Preparing for EV disruption
While it faced unexpected challenges, Apple never truly gave up on the idea of the Apple Car as a unique product that could genuinely disrupt not just the nascent electric vehicle market, but the entire automotive market. After years of toil, often in the shadow of Apple’s other soaring business ventures, recent signs and portents have led some industry watchers to the belief that the time of the Apple Car may be near at hand.
For years, Bernstein’s Electric Vehicles team has endeavored to draw investors’ attention to the possibilities that an Apple Car could represent. Bernstein’s analysts continue to be the Apple Car’s most ardent evangelists on Wall Street. On Aug. 31, they sent out their latest investor note addressing Apple’s EV ambitions, signaling that the tech titan is at the cusp of making the Apple Car a reality:
“Given its revenue base, few addressable markets are sizeable enough to impact Apple’s financials, but the auto sector offers a uniquely large, addressable consumer market...A successful EV launch from Apple would add a formidable, well-capitalized competitor to the automotive industry.”
For all their long-standing optimism, Bernstein analysts are somewhat sanguine about the timescale needed for Apple to bring its own EV offering to market at scale. The analysts’ estimate is that 2025 is the earliest that the Apple Car could realistically be brought to market. However, once the Apple Car does arrive in force, the analysts foresee an exponential ascent. Indeed, they went as far as to suggest that Apple could achieve annual sales of 1.5 million Apple Cars by 2030, which would translate to revenue of $75 billion per year.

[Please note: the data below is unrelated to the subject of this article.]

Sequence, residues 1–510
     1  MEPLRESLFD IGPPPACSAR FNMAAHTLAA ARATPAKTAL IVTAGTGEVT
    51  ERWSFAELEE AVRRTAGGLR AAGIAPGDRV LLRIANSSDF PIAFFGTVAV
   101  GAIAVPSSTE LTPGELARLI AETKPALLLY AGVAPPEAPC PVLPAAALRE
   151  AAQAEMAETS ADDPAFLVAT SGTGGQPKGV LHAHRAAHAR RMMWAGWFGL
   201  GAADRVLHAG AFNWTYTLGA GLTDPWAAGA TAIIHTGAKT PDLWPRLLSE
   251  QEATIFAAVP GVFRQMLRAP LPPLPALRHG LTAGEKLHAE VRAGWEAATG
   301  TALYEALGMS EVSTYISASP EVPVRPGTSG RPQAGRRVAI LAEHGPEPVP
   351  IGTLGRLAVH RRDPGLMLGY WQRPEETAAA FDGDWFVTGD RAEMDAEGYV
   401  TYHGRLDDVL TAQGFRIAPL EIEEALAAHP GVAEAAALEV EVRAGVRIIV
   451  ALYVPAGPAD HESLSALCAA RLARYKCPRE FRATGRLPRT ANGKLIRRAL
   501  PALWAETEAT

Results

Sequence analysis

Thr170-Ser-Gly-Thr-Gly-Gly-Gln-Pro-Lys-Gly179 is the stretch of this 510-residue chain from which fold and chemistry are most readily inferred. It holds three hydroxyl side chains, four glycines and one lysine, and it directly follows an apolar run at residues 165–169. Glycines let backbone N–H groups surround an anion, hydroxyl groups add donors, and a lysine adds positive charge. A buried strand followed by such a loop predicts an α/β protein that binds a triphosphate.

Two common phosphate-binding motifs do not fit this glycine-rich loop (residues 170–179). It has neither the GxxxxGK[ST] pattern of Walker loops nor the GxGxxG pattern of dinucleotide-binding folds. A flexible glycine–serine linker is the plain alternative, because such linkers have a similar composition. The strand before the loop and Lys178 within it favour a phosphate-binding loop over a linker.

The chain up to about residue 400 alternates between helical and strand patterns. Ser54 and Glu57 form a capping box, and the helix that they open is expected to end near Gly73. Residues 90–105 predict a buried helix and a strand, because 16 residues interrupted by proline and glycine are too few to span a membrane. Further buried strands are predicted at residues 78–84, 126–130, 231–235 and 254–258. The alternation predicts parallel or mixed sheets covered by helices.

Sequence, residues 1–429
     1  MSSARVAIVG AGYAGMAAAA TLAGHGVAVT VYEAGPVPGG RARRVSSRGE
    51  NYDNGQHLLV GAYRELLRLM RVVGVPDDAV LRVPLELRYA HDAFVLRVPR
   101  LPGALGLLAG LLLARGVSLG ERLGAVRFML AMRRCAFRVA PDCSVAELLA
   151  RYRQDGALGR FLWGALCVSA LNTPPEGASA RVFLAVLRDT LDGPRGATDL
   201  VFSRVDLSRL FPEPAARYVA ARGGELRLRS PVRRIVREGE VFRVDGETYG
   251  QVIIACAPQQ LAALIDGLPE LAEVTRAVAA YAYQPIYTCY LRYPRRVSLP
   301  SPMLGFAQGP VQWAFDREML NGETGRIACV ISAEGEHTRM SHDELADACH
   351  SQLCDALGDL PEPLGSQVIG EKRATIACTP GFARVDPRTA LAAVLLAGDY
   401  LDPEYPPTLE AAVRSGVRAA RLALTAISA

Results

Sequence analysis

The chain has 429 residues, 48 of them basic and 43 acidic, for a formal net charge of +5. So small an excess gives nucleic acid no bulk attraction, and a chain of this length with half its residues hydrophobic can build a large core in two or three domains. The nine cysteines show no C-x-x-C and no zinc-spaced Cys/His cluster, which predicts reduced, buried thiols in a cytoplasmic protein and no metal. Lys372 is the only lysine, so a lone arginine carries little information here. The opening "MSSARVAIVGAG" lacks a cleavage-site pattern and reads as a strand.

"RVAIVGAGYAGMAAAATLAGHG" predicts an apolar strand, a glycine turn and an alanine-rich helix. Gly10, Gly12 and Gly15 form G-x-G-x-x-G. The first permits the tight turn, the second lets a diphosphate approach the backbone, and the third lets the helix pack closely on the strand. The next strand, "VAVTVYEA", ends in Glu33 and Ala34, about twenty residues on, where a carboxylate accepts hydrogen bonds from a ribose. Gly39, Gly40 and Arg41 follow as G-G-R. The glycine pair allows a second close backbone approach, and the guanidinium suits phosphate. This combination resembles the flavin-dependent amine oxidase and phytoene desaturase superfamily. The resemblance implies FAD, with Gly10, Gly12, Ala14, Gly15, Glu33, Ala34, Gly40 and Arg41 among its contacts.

Ultimately, the plant, equipment and personnel required to manufacture, sell and service millions of vehicles per year does not come cheap. Based on the experiences of other EV startups in recent years, the cost of reaching sales of 1.5 million vehicles per year would almost certainly surpass the $10 billion mark. However, while that might be too rich a price tag for most would-be auto market disruptors, it is barely a drop in the bucket for Apple, which came into 2021 with nearly $200 billion in cash on hand. In other words, Apple can pretty much afford to spend whatever it takes to reach its desired scale.
There is little question of whether Apple can establish a viable EV business. However, there is some cause for asking why the company would want to do it in the first place. After all, Apple’s vast cash reserve has come as the result of its leaning into high-margin, high-turnover consumer electronics. The automotive business, meanwhile, is far more competitive and offers much stingier margins even under ideal conditions.
It remains to be seen whether Apple will truly gamble on the EV market. I will certainly be watching this story closely as it develops.